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St Stephen, St Stephen by Launceston, Cornwall

(50°38′48″N, 4°22′19″W)
St Stephen by Launceston
SX 324 857
pre-1974 traditional (England and Wales) Cornwall
now Cornwall
medieval Exeter
now Truro
  • Richard Jewell
27 Aug 1991

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According to Sedding, the lower part of the nave N wall, the N and S walls of the chancel, the walls of both transepts, the inner arches of the original round-headed windows and much of a semicircular arch of the chancel remain from the Norman church. Pevsner also noticed traces of round-headed arches in the transepts. The only remains of Romanesque sculpture are the font and the two panels in the outside wall of the chancel. The figure panels date from the third quarter of the 11thc, the early Norman or Saxo-Norman overlap period. The font is of the first half of the 12thc.


The monastery of St Stephen was established long before the Conquest, and the surrounding township was known as Lan-stefan-ton, or Launceston. The Norman Earls of Cornwall acquired the ford of Dunkwed on the neighbouring hilltop and induced the townspeople to move, transferring the name of Launceston to Dunkwed. Early in the 12thc, the monastery itself was moved nearer the Norman town, and a new priory was built in the river valley between the two hills. The old church of St. Stephen was partially rebuilt to serve as a parish church, and rededicated in 1259. It remained the mother church of numerous chapels throughout the medieval period, including Tremaine, Egloskerry, Tresmeer, Laneast and two churches in Launceston: St Thomas and St Mary Magdalene.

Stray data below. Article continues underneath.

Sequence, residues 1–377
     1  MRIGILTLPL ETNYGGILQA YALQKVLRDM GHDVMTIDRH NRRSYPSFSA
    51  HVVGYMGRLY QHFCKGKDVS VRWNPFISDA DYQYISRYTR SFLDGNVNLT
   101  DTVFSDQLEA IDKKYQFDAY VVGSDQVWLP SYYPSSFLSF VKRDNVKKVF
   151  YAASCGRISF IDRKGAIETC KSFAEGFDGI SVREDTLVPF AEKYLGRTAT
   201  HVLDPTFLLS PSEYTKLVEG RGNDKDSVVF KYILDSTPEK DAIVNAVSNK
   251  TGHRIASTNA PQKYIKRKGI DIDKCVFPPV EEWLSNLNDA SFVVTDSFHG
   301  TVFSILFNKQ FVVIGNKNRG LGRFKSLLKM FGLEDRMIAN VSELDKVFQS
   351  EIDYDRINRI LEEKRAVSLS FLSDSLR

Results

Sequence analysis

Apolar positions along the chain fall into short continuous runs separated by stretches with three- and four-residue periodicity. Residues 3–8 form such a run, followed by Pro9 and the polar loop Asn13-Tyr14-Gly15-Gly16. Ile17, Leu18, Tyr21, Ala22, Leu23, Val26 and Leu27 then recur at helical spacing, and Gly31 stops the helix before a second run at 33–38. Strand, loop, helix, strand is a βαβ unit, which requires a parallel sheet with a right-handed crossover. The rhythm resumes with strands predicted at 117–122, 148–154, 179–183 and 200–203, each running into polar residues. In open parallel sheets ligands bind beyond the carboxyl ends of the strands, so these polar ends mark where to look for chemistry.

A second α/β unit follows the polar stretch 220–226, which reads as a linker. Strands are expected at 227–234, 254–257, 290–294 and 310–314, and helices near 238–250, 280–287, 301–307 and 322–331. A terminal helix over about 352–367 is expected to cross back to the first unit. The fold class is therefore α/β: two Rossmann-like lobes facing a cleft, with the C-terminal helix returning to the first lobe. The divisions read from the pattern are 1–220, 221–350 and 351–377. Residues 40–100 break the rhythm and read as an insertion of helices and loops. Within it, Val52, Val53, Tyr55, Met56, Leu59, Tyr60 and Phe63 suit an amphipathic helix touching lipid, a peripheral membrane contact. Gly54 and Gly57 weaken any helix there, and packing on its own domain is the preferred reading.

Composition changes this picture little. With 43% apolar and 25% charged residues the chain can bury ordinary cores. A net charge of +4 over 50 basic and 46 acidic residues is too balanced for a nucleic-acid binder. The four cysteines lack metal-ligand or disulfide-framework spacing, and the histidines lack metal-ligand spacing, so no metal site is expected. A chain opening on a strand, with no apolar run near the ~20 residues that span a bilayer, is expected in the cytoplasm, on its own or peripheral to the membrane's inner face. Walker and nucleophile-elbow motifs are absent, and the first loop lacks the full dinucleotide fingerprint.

Exterior Features

Exterior Decoration





G. Davies, The Parochial History of Cornwall III (1870), 166.

Alfred C.Fryer, 'Some Types of Cornish Fonts', in: The Reliquary and Illustrated Archaeologist (VIII) 1902, 98-9.

C. Henderson, The Cornish Church Guide (London 1925), 180.

N. Pevsner and E. Radcliffe, The Buildings of England: Cornwall, 2nd ed (Harmondsworth 1970), 200.

E. H. Sedding, Norman Architecture in Cornwall: A Handbook to old Cornish ecclesiastical architecture with notes on ancient manor houses (London and Truro 1909), 364-65.